Pretend Play: Investing in a good Playhouse and it’s benefits on child development.

Author: Gauri Kshirsagar

“Systematic research has increasingly demonstrated a series of clear benefits of children’s engagement in pretend games from the ages of about two and one half through ages six or seven.”

Dr. Scott Kaufman – 2012 Psychology Today article

As children’s time is taken up more and more with scheduled activities, it is important to consider what they are losing when they miss out on pretend play. In many ways, a few hours creating pretend ponies and galloping around the yard with fellow cowboys and cowgirls is as developmentally essential as any other pursuit. In today’s video game age, however, children are not getting the same opportunity that their parents had to engage in this freeform style of play. Children’s play houses are a great way to encourage children to take part in make-believe or imaginative play, allowing them to reap the child development benefits.

A beautiful Playhouse for more then one kids, made out of sturdy metal rods and cotton canopy.

Ask any child psychologist and they will tell you that a child needs to have their own personal space in their home, a sanctuary if you will, and a place that they can call their own. If you have several children and they are sharing bedrooms this becomes even more important. Thus, one of the best things that you can do for them, especially the younger ones, is to give them some type of Playhouse.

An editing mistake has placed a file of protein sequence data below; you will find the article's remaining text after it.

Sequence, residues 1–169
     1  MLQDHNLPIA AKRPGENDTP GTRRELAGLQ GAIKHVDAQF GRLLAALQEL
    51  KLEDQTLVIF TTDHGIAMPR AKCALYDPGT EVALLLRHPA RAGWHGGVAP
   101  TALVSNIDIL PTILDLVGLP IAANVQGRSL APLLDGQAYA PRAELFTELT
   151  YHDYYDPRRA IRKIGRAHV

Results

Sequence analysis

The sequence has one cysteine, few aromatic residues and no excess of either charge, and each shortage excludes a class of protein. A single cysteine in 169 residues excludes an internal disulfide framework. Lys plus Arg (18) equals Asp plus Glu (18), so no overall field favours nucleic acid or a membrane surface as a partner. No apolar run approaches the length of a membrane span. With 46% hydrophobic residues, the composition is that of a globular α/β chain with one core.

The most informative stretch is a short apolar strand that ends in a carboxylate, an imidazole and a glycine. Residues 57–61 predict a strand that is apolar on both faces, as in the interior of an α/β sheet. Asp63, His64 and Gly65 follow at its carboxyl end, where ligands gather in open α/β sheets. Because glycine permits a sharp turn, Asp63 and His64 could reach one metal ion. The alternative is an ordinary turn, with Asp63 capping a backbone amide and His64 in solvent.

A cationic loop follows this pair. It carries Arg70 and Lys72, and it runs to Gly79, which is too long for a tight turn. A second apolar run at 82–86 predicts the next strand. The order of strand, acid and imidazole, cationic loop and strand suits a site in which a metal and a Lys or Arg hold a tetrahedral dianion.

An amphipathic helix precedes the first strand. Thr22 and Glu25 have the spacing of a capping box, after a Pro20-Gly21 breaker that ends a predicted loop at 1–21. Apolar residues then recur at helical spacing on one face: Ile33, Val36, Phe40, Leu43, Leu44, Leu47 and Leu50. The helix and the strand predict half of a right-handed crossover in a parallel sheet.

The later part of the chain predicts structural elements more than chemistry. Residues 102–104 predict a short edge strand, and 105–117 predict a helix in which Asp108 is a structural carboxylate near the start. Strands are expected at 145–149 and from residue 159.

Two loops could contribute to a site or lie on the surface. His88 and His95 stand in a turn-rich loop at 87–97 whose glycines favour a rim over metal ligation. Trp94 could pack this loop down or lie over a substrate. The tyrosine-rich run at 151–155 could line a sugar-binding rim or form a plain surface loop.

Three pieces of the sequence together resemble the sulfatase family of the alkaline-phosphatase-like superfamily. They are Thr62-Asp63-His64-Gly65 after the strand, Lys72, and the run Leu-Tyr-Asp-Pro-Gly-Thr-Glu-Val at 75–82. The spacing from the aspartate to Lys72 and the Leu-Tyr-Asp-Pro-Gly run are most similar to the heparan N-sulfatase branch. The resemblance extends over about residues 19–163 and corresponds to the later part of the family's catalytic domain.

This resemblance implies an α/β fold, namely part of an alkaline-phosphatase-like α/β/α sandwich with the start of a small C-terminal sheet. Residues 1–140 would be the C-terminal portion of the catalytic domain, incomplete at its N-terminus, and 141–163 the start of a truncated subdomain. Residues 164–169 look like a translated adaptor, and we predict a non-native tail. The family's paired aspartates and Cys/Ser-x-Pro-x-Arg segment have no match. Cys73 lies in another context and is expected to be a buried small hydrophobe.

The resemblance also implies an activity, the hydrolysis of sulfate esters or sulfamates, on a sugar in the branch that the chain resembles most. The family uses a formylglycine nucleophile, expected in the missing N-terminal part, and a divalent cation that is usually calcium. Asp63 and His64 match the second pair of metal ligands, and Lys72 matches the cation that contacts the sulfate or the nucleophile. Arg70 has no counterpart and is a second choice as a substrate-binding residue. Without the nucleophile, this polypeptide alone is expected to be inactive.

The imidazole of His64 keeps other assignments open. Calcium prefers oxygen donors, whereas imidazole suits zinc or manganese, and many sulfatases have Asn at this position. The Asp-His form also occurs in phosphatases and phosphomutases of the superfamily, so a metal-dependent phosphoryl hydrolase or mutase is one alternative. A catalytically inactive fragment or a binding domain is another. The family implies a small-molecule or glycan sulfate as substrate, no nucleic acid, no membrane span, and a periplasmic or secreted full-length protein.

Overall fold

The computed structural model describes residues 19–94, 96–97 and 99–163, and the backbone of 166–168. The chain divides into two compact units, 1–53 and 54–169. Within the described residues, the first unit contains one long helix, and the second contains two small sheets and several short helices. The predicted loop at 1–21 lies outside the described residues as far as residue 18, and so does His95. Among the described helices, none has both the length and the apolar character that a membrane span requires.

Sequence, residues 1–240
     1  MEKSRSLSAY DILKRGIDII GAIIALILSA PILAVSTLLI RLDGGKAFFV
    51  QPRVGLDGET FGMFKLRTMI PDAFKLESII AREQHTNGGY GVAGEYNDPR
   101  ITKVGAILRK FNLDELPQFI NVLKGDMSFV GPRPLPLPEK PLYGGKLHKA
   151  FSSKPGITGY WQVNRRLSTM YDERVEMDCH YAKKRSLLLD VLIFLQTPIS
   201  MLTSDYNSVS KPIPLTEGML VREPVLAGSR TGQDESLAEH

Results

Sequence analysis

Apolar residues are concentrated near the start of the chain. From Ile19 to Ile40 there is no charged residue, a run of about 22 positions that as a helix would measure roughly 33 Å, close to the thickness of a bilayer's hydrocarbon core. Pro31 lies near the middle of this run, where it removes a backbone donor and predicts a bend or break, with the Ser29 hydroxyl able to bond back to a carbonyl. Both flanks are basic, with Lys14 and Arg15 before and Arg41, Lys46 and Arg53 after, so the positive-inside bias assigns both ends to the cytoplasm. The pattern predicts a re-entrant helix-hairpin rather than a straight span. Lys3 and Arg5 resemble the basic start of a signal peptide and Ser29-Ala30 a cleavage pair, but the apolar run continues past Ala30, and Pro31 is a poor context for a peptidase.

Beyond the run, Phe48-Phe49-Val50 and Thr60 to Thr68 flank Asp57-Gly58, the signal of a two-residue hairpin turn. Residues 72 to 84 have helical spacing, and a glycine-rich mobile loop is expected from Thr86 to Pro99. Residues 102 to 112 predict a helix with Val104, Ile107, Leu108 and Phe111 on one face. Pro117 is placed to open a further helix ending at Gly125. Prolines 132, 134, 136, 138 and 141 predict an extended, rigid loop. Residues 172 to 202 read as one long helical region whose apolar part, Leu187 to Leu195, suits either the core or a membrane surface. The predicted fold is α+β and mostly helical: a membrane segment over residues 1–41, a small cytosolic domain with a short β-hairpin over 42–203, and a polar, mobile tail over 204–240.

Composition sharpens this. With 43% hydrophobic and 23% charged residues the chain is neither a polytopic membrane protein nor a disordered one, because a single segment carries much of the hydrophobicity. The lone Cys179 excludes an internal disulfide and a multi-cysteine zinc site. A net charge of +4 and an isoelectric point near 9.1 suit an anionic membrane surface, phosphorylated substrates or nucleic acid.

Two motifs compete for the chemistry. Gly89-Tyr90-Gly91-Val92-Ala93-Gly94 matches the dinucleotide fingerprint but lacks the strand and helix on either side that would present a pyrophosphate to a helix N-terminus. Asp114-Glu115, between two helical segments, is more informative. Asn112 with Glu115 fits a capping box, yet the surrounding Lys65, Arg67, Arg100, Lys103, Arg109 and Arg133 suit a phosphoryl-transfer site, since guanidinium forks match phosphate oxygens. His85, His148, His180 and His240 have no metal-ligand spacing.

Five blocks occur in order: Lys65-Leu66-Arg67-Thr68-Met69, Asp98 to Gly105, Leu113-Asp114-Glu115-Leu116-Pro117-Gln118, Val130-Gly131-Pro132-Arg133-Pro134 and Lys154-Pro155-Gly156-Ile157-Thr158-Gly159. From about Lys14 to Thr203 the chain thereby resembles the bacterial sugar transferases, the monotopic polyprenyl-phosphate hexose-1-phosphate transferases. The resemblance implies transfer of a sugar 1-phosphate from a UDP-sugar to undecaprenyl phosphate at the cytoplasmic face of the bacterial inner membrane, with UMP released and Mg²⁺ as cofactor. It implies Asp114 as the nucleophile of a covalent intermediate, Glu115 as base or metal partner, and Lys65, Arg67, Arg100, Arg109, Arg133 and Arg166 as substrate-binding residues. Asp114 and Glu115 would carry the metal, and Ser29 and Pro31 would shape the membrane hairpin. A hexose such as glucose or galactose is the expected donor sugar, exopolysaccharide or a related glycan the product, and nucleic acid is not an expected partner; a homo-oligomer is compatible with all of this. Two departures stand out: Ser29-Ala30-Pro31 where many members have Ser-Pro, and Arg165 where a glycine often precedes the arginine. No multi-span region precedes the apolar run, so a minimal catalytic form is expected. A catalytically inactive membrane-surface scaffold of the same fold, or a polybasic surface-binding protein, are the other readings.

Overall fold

A playhouse can do just that by giving them a space that is completely theirs and has a door on it that they can ‘close’ to the outside world. This will be their ‘retreat’ and give them a place to go when they need quiet time or want to enter into their own little world, even if it’s only to take a nap. Giving them the freedom to do this at any time they please will boost their self-esteem greatly and assure them that they always have a place where they can go and be in control.

Indoor/Outdoor Kid’s camping tent

We are now on our 5th Play house. We have had outdoor tents, cardboard box house and playhouse in different sizes and colours. Not only are playhouses excellent retreats but they are also a place where your child’s imagination can be let free and where their creativity can take flight. Once they organise their playhouse they will suddenly become the king or queen of their own kingdom or anything or anyone else they might imagine themselves being. This imagination and creation time is invaluable to their growth as human beings.